SMILE Asia Project
- Promotion of basic education
The Supporting Maternal and Child Health Improvement and Building Literate Environment (SMILE Asia) Project is a literacy education support project mainly targeting expecting mothers and women who are raising children. In Cambodia, where this project has been in place since 2008, it is said that there are 2.07 million people who were affected by the long-term political instability and civil war, deprived of the opportunity to receive basic education, and grew up without acquiring any basic reading or writing skills. Women comprise 67 percent of such population (2019 survey).
The SMILE Asia project provides comprehensive support for women to acquire basic reading, writing and calculation skills. Some of the features of the project include: learning materials cover topics such as women’s rights and self and family health and hygiene; and, learners learn and practice reading, writing and numeracy as well as life skills with support from specialists invited from community health centres. Moreover, reading corners carrying various reading materials are installed in each village, contributing to the overall enhancement of the villages’ educational environment, as children are seen enjoying books alongside their mothers taking classes.
As of 2019, over 1,340 women from 61 villages participated in the SMILE Asia Project.
Voices from participants
From learner to village committee member! (2012 participant)
The classes offered in the SMILE project were so much fun for me! I am pretty talkative by nature, but after gaining confidence by attending the literacy class, I think I’ve become more assertive. The classes were not only about being taught, there were opportunities to speak up and voice our thoughts, so the more I spoke up, the more I was able to develop my courage. Seeing how I was doing in class, my teacher (facilitator), believe it or not, nominated me as a village committee member! The committee is comprised of the village chief, sub-chief, and three other members including myself, and we talk about various village matters. I am happy that I can feel I am contributing to the village. At home, in addition to farming which we’ve been engaged in, I’ve started a grocery shop after finishing the SMILE programme. I record the purchasing. I am now also able to read the report cards my children bring home, and have a better idea of what is going on in school. I’ve even started to read the news on my smartphone recently. If I have the chance, I would like to study more and become more educated. If there is another SMILE class again, I would definitely take it!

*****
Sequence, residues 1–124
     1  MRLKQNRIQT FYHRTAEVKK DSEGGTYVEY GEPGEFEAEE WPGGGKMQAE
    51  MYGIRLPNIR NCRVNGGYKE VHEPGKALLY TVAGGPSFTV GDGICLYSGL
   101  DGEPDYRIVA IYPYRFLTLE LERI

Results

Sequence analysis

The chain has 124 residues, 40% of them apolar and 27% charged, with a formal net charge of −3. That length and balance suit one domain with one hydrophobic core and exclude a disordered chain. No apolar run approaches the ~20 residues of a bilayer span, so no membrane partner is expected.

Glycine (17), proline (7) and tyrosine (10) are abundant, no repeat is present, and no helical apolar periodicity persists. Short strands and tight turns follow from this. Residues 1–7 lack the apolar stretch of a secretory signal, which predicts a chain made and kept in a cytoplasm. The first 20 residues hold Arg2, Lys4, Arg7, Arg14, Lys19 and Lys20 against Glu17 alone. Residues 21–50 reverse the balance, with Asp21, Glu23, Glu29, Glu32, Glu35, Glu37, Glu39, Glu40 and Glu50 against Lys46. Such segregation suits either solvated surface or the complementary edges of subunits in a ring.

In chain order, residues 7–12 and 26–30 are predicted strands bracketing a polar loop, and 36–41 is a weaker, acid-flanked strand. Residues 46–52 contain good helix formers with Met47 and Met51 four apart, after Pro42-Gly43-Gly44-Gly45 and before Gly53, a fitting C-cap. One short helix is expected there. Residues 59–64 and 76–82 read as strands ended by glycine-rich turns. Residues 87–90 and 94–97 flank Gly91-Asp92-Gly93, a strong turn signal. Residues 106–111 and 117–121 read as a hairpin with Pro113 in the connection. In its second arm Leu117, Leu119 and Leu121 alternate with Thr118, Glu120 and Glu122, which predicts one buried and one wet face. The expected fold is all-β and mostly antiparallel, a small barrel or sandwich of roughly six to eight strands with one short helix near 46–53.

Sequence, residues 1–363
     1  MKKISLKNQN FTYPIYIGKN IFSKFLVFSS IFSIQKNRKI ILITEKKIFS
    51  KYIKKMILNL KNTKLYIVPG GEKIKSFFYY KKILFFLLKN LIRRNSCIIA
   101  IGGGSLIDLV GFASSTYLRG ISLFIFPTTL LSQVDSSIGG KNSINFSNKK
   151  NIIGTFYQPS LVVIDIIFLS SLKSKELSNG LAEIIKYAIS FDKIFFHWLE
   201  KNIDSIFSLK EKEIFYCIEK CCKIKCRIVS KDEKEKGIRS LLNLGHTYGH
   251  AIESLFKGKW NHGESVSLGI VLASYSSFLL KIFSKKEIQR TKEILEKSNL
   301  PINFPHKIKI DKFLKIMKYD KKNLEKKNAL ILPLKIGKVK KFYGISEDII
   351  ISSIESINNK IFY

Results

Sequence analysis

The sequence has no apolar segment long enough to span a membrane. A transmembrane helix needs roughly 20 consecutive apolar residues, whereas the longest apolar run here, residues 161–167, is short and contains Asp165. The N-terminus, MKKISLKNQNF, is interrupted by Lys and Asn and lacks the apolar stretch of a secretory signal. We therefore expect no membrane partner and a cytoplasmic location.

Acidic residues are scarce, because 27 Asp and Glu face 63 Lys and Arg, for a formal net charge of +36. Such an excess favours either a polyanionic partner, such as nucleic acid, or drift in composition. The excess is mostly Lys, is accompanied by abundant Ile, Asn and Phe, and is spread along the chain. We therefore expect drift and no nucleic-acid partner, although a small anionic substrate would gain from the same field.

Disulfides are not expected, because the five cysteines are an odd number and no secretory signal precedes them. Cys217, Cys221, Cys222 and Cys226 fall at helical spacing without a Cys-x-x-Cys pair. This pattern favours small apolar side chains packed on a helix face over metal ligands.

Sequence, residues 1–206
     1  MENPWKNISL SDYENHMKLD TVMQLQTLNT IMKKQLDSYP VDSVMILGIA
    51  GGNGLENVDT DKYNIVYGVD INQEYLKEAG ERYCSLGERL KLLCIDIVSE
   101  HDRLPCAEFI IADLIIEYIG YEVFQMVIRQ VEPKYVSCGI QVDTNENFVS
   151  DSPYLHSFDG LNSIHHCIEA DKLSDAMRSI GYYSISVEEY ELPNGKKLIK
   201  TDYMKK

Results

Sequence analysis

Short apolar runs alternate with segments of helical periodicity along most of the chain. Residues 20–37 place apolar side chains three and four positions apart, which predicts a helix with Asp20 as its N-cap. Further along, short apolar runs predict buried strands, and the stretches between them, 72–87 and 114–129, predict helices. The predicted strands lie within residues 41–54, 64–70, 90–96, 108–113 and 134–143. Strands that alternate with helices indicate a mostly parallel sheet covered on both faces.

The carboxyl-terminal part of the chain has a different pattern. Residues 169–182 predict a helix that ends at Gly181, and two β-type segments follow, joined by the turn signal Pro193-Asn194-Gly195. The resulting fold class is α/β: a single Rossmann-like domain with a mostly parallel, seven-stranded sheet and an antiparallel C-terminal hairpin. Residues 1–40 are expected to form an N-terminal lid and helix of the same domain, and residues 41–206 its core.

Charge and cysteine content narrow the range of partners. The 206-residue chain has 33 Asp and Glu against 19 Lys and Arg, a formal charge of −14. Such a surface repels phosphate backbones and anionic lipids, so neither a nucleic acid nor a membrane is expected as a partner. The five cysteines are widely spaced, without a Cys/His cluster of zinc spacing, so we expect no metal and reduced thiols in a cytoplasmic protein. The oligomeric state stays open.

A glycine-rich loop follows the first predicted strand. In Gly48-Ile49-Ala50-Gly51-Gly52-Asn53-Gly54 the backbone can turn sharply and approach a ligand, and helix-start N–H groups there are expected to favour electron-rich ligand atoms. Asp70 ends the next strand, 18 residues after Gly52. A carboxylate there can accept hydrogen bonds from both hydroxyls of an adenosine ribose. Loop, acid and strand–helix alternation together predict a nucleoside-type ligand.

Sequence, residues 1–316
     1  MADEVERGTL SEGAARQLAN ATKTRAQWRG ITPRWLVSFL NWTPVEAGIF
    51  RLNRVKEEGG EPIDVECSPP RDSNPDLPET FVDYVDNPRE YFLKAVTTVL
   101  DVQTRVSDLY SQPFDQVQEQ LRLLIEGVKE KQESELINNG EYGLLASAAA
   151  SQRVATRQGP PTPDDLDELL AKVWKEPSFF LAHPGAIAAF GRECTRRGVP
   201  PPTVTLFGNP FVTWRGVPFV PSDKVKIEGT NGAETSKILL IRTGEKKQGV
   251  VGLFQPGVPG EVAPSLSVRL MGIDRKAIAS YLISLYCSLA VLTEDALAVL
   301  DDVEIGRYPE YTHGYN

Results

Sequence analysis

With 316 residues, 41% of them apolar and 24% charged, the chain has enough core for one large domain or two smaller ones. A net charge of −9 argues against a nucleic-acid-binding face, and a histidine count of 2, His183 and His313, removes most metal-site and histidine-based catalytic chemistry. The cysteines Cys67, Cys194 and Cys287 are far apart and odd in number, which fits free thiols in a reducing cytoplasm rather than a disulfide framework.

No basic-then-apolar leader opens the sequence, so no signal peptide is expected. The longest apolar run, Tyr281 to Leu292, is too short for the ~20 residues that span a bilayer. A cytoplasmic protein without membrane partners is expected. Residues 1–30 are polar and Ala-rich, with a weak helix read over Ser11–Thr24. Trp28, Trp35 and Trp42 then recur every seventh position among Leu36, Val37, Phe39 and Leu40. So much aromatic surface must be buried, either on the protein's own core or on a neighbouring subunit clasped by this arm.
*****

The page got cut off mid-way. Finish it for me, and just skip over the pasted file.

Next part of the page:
I am happy to be working for the village women (facilitator)
At first, I had no intention of taking on the job of facilitator at all. At that time, my children were still very small and I didn’t think I would be able to fulfil the role. After being persuaded time and again, I finally decided to give it a try, but now that I’ve become connected with local administration and am in the position to participate in meetings. I’ve come to strongly feel the importance of women’s participation in society. I am very grateful to the female worker who tenaciously encouraged me and gave me this chance. Nevertheless, I did face difficulties. For instance, I had to take training sessions in advance to become a facilitator, but I was very embarrassed to bring my children to the sessions. However, I decided that I was going to set an example for women who were in the same sort of situation as I was, and thus, I did my best. In class, it was a challenge to have the elder generation learners, who took care of kids while the mothers worked in the fields or in factories during the day, understand what was being taught. I noticed that it was difficult for the elderly to memorize all the contents written in the text, so I came up with the idea of extracting and teaching just the key points. I believe I was able to develop myself as a facilitator with each passing day, too. It makes me happy when I see learners doing so well or becoming active after completing the SMILE programme. I am very glad I decided to take this job for my own sake as well as for the sake of all the women in the village.